We’ve found that adhering to these best practices better engages customers and produces greater bottom-line results: 1. Map the Mobile Customer Journey: Study the mobile customer journey as it exists today, including devices used, challenges, and opportunities within each. Delve into data specific to your mobile customers to define “day-in-the-life” mobile personas that inform customer-centric strategies. 2. Re-Imagine the Mobile Customer Journey: Design a mobile-optimized journey, by device, to win in each moment of truth. Experiment with strategies that prevent channel-hopping or multiscreening while also complementing other channels. Define a series of intended mobile experiences at each stage of the customer journey, aligning each with customer personas and related data. 3. Measure and Optimize: Define intended customer response and desired outcomes at each step in the mobile customer journey, by screen. Link back to business goals and shorter term KPIs to measure progress and optimize engagement in each moment of truth. 4. Create Alignment Through a Test-and-Learn Approach: Present customer findings, the newly minted mobile-first journey, and key business outcomes to the greater working team around mobile, digital, and CX. Run a test pilot of the roadmap to validate research and ideas and gain internal support.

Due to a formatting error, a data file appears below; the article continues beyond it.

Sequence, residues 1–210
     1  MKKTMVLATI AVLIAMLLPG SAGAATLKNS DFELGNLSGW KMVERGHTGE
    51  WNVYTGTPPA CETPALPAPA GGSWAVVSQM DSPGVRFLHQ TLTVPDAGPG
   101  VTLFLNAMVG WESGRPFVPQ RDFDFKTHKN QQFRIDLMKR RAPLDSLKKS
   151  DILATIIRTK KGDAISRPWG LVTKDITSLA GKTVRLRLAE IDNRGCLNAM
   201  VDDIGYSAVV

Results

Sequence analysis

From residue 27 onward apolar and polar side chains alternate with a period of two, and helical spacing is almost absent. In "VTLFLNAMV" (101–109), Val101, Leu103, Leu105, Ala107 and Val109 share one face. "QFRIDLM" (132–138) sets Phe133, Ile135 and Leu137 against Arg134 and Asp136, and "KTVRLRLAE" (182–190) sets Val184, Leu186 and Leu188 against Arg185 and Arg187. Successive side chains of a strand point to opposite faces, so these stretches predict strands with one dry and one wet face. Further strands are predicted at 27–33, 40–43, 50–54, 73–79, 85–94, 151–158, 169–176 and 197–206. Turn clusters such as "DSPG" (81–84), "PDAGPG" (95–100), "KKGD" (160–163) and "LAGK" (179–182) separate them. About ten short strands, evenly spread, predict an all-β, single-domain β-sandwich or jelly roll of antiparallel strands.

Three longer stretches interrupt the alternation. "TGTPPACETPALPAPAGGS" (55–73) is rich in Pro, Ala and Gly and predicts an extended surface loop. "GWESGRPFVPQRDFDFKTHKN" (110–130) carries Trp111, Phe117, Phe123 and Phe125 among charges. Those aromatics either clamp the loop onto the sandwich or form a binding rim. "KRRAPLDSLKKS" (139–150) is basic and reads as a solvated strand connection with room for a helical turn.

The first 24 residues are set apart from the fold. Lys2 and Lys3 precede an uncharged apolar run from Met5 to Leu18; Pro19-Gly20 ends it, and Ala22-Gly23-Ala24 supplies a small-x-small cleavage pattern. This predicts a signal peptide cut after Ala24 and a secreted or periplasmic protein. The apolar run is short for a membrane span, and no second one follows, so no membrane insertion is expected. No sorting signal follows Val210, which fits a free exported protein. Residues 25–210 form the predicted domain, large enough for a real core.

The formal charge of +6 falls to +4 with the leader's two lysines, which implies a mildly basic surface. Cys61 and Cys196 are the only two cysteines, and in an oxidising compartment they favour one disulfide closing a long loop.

Is it accurate to say that Uber is an effective marketing tool for brands that run promos with the service? Uber is a platform for many things, changing of the guard in addition to testing and promoting new products and services. It’s not unlike how taxis carry advertising on and in its vehicles. But since Uber is a software based platform that combines real-time, mobile and social, it’s a catalyst for a new model for collaboration. Now whether it’s effective because its promotions work or simply because they’re press worthy is yet to be seen.